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While you’re thinking up some insightful sift questions - have a think about what a great answer to them might look like.
Review guides are intended to help your reviewers score answers to sift questions. They are shown to reviewers while they’re looking at candidates answers.
People who are not generally involved in the hiring process may not know what a good or bad answer to a question looks like, review guides make it easier for you to convey what you're looking for to them so that they can jump right into the scoring process. If you’ve never worked in Marketing, for example, you might find it difficult to know what a good answer to a question about Marketing looks like. A good review guide will briefly highlight things a non-expert should look out for.
Best practices for review guides
- Highlight key traits of a good/ bad answer to a question. Your reviewers might not have experience in the same role that you’re hiring for.
- Remind reviewers that you’re looking for content, not style. Candidates might not excel at written communication for a whole host of reasons. Unless you’re hiring for an Editor or for a role where writing is critical, explicitly mention in your review guide that spelling, grammar, form etc. don’t matter or be specific on what does matter.
- Be brief and to the point. Your reviewers will be skimming the guide as they review answers, and over-complicating the guide will make their lives difficult.
- Be realistic about the constraints of a 250 word answer. Candidates only have so much space to impress you - and a good review guide acknowledges this by being realistic about what differentiates a 5-star from a 4-star answer.
- Structure it on a 5 point scale. i.e. mentions what would constitute a 1 star, 3 star and 5 star answer. This is so it's aligned with how reviewers will score candidates on the platform.
When to add a review guide
We recommend adding a review guide as you're creating questions. This is because you'll have all the relevant information to hand, and an idea of the rationale behind questions.
However - we know you're pushed to advertise roles as soon as possible and you may not have time to create review guides at this point.
You can add review guides up until you send applications to be reviewed. Once reviewers start scoring candidates, review guides become locked, and you won't be able to edit them further.
This is so that you're scoring all candidates on the same criteria, and don't start reviewing candidates differently part way through the process.
Walkthrough an example review guide
Below is an example question and review guide taken from our Applied library.
Question title: Actions when managing an underperforming team
Skills tested: Teamwork, Complex problem solving, Leadership
Question Text: You have been asked to manage an underperforming team, who have had three different managers in the past year. What actions would you take in the first 3 months as their new manager?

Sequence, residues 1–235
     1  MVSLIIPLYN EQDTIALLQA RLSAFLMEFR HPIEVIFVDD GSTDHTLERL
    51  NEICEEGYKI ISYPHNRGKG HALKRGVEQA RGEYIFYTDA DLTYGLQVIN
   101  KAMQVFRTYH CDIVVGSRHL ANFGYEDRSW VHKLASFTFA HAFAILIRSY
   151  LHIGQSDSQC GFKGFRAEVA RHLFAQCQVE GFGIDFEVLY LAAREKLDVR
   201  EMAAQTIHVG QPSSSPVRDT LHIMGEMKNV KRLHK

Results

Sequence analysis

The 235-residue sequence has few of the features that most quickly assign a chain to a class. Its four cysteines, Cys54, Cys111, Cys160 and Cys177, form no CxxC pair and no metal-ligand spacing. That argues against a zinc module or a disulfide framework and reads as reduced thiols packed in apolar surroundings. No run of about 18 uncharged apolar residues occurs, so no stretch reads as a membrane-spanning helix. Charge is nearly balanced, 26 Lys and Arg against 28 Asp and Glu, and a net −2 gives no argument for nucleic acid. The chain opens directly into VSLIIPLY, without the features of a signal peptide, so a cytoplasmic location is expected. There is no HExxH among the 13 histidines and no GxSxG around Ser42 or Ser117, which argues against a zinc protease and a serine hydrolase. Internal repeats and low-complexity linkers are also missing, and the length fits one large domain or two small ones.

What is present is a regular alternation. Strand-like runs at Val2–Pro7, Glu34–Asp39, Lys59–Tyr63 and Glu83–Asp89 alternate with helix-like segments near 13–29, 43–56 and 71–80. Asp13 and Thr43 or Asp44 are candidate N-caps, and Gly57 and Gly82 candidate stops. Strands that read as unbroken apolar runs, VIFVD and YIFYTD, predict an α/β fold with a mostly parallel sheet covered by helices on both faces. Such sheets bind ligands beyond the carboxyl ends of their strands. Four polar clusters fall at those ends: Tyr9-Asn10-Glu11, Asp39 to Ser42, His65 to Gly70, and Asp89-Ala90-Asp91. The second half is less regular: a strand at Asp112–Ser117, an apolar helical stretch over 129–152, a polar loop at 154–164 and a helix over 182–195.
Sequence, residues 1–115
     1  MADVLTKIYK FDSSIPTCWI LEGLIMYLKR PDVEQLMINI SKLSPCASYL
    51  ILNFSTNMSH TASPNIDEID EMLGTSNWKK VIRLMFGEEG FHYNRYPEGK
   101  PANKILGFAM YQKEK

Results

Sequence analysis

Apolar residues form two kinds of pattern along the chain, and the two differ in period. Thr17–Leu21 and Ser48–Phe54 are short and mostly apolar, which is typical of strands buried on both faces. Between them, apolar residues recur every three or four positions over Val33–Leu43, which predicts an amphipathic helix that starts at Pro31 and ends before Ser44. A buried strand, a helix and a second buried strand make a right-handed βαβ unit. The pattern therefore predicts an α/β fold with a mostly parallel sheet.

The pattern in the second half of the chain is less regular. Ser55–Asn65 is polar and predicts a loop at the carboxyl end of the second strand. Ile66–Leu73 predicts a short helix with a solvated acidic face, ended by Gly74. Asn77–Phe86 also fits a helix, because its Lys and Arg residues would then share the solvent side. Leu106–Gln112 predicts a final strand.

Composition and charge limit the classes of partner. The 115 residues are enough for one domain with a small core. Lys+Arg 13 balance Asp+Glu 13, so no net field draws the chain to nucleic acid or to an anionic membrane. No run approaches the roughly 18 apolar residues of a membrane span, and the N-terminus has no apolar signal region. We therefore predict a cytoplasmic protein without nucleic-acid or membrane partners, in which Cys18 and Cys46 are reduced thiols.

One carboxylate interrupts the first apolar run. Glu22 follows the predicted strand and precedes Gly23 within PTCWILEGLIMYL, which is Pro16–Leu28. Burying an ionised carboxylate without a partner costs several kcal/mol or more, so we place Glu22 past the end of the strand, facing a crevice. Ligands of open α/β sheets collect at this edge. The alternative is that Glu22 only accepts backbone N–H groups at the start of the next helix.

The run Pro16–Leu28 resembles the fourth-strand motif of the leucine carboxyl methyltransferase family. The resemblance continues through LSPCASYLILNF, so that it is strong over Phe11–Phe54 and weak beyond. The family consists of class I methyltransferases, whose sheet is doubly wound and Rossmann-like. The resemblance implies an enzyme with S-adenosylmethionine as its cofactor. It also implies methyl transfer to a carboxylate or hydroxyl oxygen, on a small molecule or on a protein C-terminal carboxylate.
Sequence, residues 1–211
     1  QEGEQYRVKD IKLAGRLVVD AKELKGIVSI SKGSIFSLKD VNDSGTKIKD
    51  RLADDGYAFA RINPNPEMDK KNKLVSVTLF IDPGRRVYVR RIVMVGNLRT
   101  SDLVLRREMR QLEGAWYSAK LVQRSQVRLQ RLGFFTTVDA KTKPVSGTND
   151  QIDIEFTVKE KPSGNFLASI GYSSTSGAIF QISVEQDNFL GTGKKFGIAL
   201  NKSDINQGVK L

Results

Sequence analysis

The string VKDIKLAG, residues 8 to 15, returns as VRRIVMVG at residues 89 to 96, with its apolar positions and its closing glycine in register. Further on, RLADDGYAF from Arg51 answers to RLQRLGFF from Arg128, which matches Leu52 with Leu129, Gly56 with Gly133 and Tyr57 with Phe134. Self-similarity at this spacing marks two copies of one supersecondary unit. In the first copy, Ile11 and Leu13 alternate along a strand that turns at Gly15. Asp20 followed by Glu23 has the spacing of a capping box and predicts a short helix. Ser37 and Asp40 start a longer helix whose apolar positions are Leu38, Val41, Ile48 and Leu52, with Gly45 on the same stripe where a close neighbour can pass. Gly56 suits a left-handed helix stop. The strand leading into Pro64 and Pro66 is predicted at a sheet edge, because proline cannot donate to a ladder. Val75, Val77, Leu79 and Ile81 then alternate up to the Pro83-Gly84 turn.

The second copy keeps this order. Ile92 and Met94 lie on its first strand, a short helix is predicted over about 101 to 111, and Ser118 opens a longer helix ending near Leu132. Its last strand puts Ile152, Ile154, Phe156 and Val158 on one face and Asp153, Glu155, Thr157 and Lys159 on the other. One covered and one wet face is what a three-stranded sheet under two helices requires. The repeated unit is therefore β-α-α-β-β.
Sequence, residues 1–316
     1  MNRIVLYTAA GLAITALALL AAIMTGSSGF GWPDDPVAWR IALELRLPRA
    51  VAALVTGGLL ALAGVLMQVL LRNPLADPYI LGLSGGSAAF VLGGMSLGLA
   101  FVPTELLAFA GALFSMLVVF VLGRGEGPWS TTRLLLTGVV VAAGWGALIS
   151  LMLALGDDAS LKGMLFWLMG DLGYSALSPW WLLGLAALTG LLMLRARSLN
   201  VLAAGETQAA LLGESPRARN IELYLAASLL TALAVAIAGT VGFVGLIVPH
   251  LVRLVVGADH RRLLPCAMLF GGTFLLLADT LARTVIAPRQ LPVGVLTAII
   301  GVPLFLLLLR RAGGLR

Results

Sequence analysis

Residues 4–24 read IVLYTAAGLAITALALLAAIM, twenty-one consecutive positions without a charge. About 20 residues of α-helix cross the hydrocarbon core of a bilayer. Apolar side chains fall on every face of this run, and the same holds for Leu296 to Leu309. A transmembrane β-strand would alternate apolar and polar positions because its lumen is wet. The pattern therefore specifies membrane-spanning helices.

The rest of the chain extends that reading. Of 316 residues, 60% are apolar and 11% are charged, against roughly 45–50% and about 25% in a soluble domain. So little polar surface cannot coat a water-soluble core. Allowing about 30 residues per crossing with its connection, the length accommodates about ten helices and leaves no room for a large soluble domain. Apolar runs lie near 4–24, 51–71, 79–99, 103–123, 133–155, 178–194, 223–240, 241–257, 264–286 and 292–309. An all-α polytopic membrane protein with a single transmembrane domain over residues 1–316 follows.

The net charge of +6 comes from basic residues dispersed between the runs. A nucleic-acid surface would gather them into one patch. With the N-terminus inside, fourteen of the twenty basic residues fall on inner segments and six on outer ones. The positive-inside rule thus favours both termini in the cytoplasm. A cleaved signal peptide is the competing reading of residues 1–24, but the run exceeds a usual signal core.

• Does not seek to understand the team’s situation or history
• Offers little to no evidence that they will provide encouragement or empower team members
• Makes no attempt to define key responsibilities of team members
• Recognises the importance of providing guidance to their team, but is somewhat unclear on how this will be done
• Identifies ways to encourage and improve current team performance, but this could be clearer or more detailed
• Provides detail on how they would seek to understand the team’s current situation; using this to inform their approach as a manager
• Outlines how they would provide clear guidance on the requirements of the team’s roles
• Identifies ways to encourage more effective performance (e.g. constructive feedback, training), and suggests ways that they could monitor this going forward
What makes this a good review guide?
As you can see, the review guide makes it absolutely clear what an answer would touch upon in order to be considered a 5 star answer. The review guide above does not offer exact examples of what a candidate would say, since that would be very difficult to do, but rather provides guidance on what key things should be present in an answer in some shape or form in order to be considered a 1, 3 or 5 star answer.
In the above example, if a candidate did not identify in their answer that they would seek to understand the team's current situation in order to inform their approach, then that answer could not be considered a 5 star answer. The reasoning behind this is that in order to effectively solve complex problems like this, one of the first things a qualified candidate would think to do is to spend some time with their team to identify the current issues. This would allow them to understand what steps need to be taken to solve the issues they are specifically facing.
If anything in this article piques your interest or isn’t clear, don’t hesitate to get in touch at email@example.com, where a member of our team will be on hand to give you support.